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Proposed N.D. Land Board rules could cause delays for energy, agriculture sectors

BISMARCK—North Dakota's land commissioner cautioned Thursday, Aug. 30, that the energy and agriculture industries could see significant delays to obtain easements for state-owned lands under a change in administrative process directed by the Legislature.

Commissioner Jodi Smith said the state Department of Trust Lands is working on new administrative rules as directed by lawmakers last session, but finding some unintended consequences.

Smith told members of the Board of University and School Lands that a typically two-week process to approve an easement could instead take several months under a new set of procedures.

A lease for an oil and gas well could take 12 to 18 months instead of about two months, Smith said.

The new rules being developed are the result of legislation that removes an exemption for the Land Board from the Administrative Agencies Practice Act. The North Dakota Petroleum Council and the Lignite Energy Council supported the bill last session.

The Administrative Rules process adds a layer of public input and legislative oversight that was not previously required for the Land Board.

As the rules are currently drafted, they are expected to add significant expense to the Department of Trust Lands and have a direct economic impact to energy and agriculture sectors, Smith said.

The Department of Trust Lands grants about 500 easements every two-year budget cycle, Smith said. The department's assets include 706,500 surface acres and 2.6 million mineral acres.

"It has a very significant impact for the state," she said.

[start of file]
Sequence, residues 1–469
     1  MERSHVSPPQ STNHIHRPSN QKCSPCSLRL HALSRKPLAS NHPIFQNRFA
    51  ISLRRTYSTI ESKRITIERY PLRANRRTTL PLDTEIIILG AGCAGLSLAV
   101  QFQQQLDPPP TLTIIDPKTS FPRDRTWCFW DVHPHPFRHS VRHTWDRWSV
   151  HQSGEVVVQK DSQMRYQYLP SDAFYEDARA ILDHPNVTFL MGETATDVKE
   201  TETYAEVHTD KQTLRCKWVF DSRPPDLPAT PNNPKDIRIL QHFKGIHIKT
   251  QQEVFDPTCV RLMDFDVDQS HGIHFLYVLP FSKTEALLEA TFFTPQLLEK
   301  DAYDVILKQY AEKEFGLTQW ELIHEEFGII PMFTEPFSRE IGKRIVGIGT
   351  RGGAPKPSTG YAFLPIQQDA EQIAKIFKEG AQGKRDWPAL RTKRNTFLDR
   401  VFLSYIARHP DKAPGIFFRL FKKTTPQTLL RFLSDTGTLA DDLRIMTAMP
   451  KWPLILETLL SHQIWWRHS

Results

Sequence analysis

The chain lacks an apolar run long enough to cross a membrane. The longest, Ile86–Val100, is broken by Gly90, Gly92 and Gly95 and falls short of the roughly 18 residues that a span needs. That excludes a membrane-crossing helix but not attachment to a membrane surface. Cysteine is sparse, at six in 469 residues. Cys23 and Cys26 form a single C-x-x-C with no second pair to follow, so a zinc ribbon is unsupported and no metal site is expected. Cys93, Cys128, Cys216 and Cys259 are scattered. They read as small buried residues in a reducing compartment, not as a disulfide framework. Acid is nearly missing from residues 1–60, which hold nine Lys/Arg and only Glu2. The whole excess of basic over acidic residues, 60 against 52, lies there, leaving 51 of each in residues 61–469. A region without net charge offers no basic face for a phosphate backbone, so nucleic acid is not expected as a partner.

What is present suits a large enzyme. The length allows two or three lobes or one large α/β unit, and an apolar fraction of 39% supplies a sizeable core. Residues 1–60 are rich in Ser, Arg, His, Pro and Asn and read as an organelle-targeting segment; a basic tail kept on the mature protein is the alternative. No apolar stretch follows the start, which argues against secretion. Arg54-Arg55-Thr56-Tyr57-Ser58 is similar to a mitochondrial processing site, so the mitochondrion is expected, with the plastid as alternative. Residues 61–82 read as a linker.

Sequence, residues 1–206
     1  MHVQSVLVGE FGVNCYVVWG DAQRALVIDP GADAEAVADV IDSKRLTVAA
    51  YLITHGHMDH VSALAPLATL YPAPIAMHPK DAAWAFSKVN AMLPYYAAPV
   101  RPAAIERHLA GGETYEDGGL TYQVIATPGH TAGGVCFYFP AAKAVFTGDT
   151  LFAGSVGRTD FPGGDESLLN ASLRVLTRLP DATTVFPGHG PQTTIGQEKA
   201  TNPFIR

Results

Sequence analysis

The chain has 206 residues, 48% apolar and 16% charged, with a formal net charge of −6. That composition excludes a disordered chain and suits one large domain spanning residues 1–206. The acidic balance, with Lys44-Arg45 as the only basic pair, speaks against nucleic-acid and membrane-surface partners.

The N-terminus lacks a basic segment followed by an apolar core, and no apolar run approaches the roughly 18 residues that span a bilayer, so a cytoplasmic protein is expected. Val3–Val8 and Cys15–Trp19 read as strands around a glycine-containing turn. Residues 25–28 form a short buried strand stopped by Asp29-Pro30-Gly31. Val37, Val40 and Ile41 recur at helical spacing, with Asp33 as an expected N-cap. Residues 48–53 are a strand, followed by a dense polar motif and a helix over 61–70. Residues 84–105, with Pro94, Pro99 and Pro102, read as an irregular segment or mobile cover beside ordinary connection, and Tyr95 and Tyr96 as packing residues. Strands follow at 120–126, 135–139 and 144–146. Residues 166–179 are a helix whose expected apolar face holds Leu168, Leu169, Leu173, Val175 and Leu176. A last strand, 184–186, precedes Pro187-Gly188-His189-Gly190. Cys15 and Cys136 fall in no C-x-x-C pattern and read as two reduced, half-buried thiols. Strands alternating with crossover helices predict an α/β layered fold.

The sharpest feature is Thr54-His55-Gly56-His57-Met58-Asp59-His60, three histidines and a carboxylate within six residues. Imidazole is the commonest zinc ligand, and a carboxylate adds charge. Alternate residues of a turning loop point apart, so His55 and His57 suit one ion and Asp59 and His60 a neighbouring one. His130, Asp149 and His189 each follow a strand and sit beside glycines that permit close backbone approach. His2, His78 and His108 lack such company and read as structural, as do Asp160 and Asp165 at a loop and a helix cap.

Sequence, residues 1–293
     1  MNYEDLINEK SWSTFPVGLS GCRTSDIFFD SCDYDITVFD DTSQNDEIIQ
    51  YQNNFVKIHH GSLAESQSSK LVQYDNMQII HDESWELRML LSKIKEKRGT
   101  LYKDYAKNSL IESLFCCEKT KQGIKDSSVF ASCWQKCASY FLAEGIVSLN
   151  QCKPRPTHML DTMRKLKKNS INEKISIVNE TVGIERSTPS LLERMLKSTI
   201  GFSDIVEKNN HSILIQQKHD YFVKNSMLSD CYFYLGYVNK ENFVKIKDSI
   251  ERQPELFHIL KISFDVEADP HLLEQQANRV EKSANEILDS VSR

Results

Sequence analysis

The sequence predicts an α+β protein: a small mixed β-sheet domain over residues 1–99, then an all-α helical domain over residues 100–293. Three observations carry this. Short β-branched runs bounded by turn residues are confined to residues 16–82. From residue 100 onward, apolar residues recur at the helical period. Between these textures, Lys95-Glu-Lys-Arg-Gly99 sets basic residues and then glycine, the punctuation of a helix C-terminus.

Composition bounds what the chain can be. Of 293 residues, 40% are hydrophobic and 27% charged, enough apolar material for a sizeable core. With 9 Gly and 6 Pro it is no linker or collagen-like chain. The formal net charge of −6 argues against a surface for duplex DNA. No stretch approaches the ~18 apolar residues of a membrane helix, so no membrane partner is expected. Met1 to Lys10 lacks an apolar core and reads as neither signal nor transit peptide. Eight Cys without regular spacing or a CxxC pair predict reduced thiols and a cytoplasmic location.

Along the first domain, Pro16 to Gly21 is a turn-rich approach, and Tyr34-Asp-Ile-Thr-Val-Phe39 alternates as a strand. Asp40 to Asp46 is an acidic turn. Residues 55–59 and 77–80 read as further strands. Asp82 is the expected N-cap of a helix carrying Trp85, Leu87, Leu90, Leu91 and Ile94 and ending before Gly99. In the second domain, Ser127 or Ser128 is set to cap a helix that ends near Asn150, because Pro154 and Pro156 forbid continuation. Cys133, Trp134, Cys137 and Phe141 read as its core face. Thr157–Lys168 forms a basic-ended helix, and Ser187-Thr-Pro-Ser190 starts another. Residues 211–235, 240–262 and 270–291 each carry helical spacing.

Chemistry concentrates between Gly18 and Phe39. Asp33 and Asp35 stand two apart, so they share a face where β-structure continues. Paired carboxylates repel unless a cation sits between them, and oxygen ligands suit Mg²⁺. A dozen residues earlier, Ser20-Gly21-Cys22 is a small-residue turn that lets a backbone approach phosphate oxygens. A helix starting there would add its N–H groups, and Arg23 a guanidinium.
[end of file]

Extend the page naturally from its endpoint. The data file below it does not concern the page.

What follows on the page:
Gov. Doug Burgum, chairman of the Land Board, said he supports putting a pause on developing the new rules until the board can get clarification from legislators about their intent.

"We would start looking like the federal government where things take 12 to 15 months instead of three months," he said. "There could be some serious unintended consequences."

Smith said she is seeking to be added to the Sept. 12 agenda of the Legislature's Administrative Rules Committee to seek guidance from lawmakers and request a delay.

Rep. Kim Koppelman, R-West Fargo, who was one of the bill's sponsors and is a longtime member of the Administrative Rules Committee, said in an interview that the administrative rules process should not have an impact on easements or leases.

"I think those fears are unfounded," he said.

Koppelman said adopting administrative rules provides a check and balance on state government but is not intended to interfere with day-to-day operations of state agencies.

Sen. Jessica Unruh, R-Beulah, also a sponsor of the bill, said the goal of the legislation was to provide more transparency and efficiency and to ensure that all companies were playing by the same set of rules.

Ron Ness, president of the North Dakota Petroleum Council, said the industry group supported the legislation to ensure that companies had timely notice and opportunity to comment on major policy decisions considered by the Land Board.

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